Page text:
In addition to Auckland’s central business district and cityscape, Auckland City is also known for its epic regional parks. From waterfalls to native forest to clifftop trails, they make the ultimate day trip, pit stop or weekend getaway destination. With over 20 regional parks in the greater Auckland area, it can be overwhelming to decide which ones to visit!
But don’t worry! We’ve got you sorted with the top 5 must-visit Regional Parks in the Greater Auckland Area.
Shakespear Regional Park
Location: Whangaparāoa (45 minutes away from the CBD)
Located at the tip of the Whangaparāoa Peninsula, Shakespear Regional Park offers a wide-open space of lush greenery to enjoy. As you enter the park, you’ll spot an Auckland Council Golden Picture Frame overlooking the Hauraki Gulf making for a stunning photograph!
From here, the choice is yours. Either continue driving down to Te Haruhi Bay for a beachside picnic or swim, or get your shoes ready for a coastal walk.
For those keen to explore, the Heritage Trail and Tiritiri Track, provide spectacular views of the city skyline and the Hauraki Gulf. Also be prepared to say hello to a sheep or two, with sections of the walk climbing over farmland.
Once you head back down to the bay, there are several barbecues dotted around for public use, perfect for a sun-filled lunch! If you’re eager to stay for dinner too, and driving a self contained campervan, you can book a night at the Shakespeare SCC (Self-Containment Certificate) Campground, just minutes away from the water!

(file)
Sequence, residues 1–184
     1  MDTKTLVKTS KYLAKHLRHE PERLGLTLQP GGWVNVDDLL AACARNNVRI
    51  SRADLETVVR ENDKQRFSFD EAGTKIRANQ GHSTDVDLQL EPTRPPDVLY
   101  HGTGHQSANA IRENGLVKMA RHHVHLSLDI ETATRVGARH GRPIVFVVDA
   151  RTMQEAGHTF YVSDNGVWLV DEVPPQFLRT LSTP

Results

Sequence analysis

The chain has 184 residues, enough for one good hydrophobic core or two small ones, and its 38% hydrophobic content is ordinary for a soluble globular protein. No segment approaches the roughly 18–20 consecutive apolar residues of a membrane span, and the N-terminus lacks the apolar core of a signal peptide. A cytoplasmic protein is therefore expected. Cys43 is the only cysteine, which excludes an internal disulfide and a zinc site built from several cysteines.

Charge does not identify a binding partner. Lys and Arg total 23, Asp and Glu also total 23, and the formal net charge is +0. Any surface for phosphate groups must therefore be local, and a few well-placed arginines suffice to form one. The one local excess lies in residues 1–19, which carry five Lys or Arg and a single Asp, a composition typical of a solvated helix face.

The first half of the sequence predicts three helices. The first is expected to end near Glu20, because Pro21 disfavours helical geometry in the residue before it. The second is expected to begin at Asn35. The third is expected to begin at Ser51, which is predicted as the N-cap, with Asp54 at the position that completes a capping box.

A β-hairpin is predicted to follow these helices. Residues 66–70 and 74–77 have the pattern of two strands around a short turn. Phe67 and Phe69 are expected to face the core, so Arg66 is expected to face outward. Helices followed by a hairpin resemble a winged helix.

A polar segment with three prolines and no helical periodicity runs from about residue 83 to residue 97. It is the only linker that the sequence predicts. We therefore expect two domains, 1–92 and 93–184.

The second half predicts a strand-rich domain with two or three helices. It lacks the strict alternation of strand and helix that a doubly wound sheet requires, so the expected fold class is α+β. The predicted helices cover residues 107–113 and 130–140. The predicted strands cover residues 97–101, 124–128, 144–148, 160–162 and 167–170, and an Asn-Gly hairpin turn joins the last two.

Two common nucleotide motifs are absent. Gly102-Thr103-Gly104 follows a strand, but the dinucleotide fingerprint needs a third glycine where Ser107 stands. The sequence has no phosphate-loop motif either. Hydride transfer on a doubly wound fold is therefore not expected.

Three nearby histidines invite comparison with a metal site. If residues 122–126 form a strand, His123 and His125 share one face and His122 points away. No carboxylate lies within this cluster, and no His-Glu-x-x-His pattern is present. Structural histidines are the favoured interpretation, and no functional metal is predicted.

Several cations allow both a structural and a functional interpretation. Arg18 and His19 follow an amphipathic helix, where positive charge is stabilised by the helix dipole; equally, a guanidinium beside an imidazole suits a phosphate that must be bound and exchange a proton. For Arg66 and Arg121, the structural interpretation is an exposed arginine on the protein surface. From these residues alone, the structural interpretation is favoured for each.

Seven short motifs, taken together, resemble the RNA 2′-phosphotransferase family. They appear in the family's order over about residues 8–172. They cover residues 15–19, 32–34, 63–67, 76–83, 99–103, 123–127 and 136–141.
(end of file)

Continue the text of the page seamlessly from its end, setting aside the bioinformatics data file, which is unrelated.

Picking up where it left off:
Tāwharanui Regional Park
Location: Tāwharanui Peninsula (1 hour 40 minutes from the CBD)
Around 2 hours above Shakespear Regional Park, is the Tāwharanui Peninsula, and trust us, it’s well worth the drive! Passing through the lovely Matakana on your way in, you’ll be feeling the chill vibes before you’ve even set foot in the park. After winding around the peninsula, the road ends near vibrant Anchor Bay, known for its glistening white sand, rock pools, and viewpoints.
You can wander up the hills and explore the Open Sanctuary or pop on some snorkels and dive into the Marine Reserve. With conservation at the heart of the park, ensure that you follow the no-taking and no-fishing rule.
For those wanting to extend their stay, the Tāwharanui campsite is calling your name! Positioned minutes away from the beach, it’ll be ideal for a quick morning dash to catch the sun come up. Don’t forget to book ahead of time.
Waitakere Ranges Regional Park
Waiatarua (1 hour 10 minutes from the CBD)
Made up of over 160 square kilometres of coastline and native forest, the Waitakere Ranges Regional Park is an adventure-seekers dream. Although many tracks are closed to help prevent the spread of kauri dieback, there’s still plenty of exploring available to do (just make sure to check the track status on the Auckland Council website).
To capture another golden frame moment, make sure to stop off at the Arataki Visitor Centre as you enter the park. The Centre also marks the start of various walking and biking trails such as the Beveridge and Slip track. Both of which provide great views of the Lower Nihotupu Dam and Manukau Harbour.